2. Context for the Study of Effective Literacy Teaching Practices in the Early School Years

Australian Journal of Language and Literacy, October 2005 | Go to article overview

2. Context for the Study of Effective Literacy Teaching Practices in the Early School Years


Literacy teaching in the early years of school continues to be a contentious and intensively-researched subject, at least since the publication of Learning to Read: The Great Debate (Chall, 1967). Opinion on teaching methods has been highly polarised, particularly in terms of whether and how to teach children to 'crack' the alphabetic code of written English. Despite the plethora of early literacy teaching programs that have appeared over the years, the goal of success for all literacy learners remains elusive.

The political and social significance of early literacy teaching is shown by the high levels of government and school system intervention in the area. Phonetically explicit reading programs, for example, are mandated for beginning readers in some parts of the United States of America. In the United Kingdom, the widely implemented National Literacy Strategy contains explicit guidelines for beginning (as well as more advanced) literacy learners. Within the Australian context, there is also intense activity in terms of the development and implementation of particular methods of teaching literacy in the early years of school, as evidenced for example by the Victorian Early Years Literacy Program and the New South Wales State Literacy Strategy.

Against this background of intense activity, there continues to be a diversity of opinion--sometimes characterised as the 'reading wars'-between advocates of a whole language meaning-oriented approach to teaching beginning reading and advocates of a phonics or word level approach. In addition to the controversy surrounding the teaching of early literacy, the definition of literacy itself is also open to debate. In some contexts it is seen as being confined to reading, in some as confined to reading and writing and in other contexts it has a much broader definition. The Australian Government has defined literacy broadly as:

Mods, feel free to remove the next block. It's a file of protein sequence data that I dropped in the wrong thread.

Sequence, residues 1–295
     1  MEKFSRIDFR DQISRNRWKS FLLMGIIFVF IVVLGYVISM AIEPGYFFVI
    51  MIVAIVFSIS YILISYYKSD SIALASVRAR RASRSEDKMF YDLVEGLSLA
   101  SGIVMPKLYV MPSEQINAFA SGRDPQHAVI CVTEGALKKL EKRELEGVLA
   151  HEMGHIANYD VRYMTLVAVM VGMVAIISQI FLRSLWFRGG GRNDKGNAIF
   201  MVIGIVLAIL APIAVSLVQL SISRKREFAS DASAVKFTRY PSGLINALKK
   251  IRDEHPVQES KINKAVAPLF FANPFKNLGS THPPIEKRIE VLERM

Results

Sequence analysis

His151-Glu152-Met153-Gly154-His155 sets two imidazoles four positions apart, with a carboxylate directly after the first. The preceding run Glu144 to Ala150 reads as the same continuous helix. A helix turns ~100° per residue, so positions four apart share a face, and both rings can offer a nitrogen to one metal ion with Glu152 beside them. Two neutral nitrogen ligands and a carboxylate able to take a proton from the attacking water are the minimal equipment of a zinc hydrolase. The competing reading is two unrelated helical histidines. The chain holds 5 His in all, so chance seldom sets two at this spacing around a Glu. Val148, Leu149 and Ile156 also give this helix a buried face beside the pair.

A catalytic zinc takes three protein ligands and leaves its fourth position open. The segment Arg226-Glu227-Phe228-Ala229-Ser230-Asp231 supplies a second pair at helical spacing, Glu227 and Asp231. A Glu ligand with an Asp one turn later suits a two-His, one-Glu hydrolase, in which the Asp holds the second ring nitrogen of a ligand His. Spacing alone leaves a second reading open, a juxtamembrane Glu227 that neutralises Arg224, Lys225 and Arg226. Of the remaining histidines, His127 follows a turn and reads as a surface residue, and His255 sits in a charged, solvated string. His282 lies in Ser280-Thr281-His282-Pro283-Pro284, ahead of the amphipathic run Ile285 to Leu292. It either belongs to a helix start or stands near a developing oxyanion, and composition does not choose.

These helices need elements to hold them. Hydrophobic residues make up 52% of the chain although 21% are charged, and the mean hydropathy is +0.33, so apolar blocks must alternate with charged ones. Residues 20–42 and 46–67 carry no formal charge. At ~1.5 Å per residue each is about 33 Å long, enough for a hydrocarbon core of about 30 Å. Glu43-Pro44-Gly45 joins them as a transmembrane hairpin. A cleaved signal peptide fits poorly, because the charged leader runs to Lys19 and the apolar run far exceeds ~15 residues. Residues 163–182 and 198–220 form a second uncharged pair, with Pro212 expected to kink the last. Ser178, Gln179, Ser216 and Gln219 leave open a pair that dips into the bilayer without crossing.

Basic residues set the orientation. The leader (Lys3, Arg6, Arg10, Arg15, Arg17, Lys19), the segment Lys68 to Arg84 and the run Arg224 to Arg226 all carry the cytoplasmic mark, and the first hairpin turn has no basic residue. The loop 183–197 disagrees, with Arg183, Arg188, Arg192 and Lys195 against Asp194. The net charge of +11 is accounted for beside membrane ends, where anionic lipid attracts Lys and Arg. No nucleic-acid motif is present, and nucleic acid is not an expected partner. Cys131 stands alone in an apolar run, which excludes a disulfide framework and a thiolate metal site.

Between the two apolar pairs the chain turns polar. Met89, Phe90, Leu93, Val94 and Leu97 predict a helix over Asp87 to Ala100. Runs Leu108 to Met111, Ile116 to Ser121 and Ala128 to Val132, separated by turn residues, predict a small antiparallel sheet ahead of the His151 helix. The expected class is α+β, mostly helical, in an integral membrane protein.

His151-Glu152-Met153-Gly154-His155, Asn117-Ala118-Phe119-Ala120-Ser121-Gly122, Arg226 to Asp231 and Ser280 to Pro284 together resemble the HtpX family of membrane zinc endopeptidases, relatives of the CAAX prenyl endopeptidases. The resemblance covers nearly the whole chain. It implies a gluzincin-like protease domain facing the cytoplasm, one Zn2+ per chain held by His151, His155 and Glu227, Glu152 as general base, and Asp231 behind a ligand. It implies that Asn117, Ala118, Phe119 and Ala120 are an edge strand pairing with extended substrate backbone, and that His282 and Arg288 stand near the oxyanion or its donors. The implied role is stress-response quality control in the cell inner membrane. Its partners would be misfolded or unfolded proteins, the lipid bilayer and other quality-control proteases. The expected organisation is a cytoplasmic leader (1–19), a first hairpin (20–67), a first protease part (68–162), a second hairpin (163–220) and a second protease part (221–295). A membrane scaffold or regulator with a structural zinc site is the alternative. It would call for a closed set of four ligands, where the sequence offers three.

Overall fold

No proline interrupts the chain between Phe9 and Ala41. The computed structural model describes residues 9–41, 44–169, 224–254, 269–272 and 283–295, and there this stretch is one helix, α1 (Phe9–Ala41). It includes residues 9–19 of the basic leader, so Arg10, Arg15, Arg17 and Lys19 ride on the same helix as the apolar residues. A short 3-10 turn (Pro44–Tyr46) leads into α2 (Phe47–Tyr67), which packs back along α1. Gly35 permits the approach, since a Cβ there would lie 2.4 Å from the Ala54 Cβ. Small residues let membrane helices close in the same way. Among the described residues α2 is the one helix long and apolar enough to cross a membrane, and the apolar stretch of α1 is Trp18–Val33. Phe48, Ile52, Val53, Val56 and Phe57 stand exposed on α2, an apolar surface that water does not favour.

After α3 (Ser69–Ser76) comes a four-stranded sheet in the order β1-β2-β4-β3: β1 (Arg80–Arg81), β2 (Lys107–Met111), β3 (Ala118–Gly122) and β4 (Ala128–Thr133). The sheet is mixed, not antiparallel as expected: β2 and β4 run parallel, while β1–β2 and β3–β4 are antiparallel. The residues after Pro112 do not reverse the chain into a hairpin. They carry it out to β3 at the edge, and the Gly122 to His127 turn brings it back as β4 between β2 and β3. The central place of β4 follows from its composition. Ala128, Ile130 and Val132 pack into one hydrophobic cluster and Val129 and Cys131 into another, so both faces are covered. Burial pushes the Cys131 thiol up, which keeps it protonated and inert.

the ability to read and use written information, to write
   appropriately, in a wide range of contexts, for many different
   purposes, and to communicate with a variety of audiences. Literacy
   is integrally related to learning in all areas of the curriculum,
   and enables all individuals to develop knowledge and understanding.
   Reading and writing, when integrated with speaking, listening,
   viewing and critical thinking, constitute valued aspects of literacy
   in modern life. (DEETYA, 1998, p. 7)

This is the definition that we adopted for the study, although as became apparent in the course of the project, in most of our early years classrooms it was defined operationally in somewhat narrower terms.

The literature on literacy teaching is well-travelled territory, characterised by a multitude of empirical studies and a series of recent and comprehensive reviews (Farstrup & Samuels, 2002; Morrow, Gambrell & Pressley, 2003; National Reading Panel, 2000; Neuman & Dickinson, 2001; Snow, Burns & Griffin, 1998). …

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